Immediately, the site became an enduring testament to the large role an individual devoted to the common good and public service can achieve. However, at the same time, it became clear that Lincoln’s memorialization could not ensure that all of his ideals would too be cast in stone. Despite the steps Lincoln took toward American racial equality throughout the Civil War period, President Harding took the memorial’s dedication ceremony as a chance to eerily assert that “the supreme chapter in American history is [union,] not emancipation” (the granting of previously enslaved African Americans full and equal citizenship rights).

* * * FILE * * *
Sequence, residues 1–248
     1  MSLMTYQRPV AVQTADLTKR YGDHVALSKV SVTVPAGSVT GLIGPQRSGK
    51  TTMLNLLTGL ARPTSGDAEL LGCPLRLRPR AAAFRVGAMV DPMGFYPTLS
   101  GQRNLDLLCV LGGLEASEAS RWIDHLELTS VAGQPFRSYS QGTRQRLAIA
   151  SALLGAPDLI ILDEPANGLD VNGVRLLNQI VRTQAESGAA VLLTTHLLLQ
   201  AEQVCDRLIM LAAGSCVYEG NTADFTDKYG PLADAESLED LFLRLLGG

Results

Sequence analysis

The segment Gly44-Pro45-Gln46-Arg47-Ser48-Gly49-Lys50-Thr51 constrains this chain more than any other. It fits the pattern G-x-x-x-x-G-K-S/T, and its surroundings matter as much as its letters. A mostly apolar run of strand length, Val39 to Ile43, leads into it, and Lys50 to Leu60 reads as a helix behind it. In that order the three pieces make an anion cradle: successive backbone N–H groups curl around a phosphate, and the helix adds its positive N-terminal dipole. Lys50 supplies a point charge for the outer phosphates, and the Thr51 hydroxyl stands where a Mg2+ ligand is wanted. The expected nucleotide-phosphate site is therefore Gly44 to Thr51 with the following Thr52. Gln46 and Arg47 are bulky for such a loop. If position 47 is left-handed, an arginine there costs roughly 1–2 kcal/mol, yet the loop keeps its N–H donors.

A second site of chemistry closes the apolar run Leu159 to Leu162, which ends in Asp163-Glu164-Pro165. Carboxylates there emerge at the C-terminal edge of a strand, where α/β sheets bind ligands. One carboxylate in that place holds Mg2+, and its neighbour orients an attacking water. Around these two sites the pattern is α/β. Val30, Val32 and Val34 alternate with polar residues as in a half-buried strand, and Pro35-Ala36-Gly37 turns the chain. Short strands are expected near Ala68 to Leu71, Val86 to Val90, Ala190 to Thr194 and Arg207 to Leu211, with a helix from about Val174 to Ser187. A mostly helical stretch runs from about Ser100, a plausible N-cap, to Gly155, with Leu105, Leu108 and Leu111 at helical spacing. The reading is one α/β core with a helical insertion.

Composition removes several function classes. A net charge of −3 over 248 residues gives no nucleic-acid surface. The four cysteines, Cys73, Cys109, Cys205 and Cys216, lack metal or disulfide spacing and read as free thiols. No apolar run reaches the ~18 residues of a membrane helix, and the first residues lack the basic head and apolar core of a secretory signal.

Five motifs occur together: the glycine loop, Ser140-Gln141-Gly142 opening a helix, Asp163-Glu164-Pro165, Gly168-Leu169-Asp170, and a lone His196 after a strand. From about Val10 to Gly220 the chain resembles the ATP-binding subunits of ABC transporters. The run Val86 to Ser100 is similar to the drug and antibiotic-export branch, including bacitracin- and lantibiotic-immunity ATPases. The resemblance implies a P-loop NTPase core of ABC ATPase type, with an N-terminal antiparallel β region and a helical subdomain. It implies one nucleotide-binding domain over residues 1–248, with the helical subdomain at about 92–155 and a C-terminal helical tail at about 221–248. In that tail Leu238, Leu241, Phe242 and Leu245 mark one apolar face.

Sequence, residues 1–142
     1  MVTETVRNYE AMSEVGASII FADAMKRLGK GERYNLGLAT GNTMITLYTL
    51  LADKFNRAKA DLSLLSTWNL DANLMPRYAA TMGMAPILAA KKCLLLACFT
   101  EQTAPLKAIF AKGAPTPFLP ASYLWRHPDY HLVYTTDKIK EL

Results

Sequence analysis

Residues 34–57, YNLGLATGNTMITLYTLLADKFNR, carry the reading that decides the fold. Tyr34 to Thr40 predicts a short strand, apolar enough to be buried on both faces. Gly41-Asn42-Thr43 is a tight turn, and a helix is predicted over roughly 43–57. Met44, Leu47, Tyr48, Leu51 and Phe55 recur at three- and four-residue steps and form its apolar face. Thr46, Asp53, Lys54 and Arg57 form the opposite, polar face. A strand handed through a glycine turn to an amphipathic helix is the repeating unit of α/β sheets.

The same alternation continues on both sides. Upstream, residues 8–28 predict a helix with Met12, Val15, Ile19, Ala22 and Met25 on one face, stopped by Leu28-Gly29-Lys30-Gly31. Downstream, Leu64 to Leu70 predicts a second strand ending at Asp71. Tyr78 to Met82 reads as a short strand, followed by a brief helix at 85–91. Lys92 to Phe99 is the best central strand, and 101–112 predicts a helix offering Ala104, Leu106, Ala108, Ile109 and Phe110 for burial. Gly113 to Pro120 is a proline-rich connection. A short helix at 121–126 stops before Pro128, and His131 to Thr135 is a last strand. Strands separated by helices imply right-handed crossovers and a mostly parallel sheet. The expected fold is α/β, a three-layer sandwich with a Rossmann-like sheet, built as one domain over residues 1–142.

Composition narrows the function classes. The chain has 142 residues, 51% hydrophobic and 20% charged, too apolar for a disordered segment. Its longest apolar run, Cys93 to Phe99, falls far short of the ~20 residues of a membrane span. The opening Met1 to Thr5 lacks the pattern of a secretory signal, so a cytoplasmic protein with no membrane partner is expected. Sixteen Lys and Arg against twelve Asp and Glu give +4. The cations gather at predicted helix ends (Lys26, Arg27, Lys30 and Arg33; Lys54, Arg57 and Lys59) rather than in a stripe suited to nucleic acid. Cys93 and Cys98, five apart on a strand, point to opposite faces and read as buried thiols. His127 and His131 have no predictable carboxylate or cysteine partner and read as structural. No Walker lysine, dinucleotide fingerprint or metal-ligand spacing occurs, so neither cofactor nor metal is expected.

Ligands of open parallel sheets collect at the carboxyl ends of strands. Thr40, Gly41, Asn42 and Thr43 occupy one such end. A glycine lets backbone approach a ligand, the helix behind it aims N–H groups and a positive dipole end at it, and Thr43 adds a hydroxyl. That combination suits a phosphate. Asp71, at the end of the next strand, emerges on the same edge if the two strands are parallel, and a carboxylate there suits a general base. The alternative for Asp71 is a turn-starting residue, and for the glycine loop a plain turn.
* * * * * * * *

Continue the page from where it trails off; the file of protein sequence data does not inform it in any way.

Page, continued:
Unsurprisingly then, the twentieth century would see the memorial become a vivid site of political contestation. Civil rights activists in the late 1930s, relying on Lincoln’s generally-accepted status as a promoter of democratic ideals and liberal equality, began to imagine the memorial as a fitting space within which to amplify the continued fight for racial and economic justice. In 1939 the memorial, for the first time, became the center of a mass civil rights demonstration after the Daughters of the American Revolution (DAR) refused to book the African-American opera singer Marian Anderson for a performance at Constitution Hall in Washington. Organizations like the NAACP saw incidents like this one as means to expose the significant “dissonance between the ideals Lincoln represented...and the reality of their lived experience,” as the abuses of American segregation continued.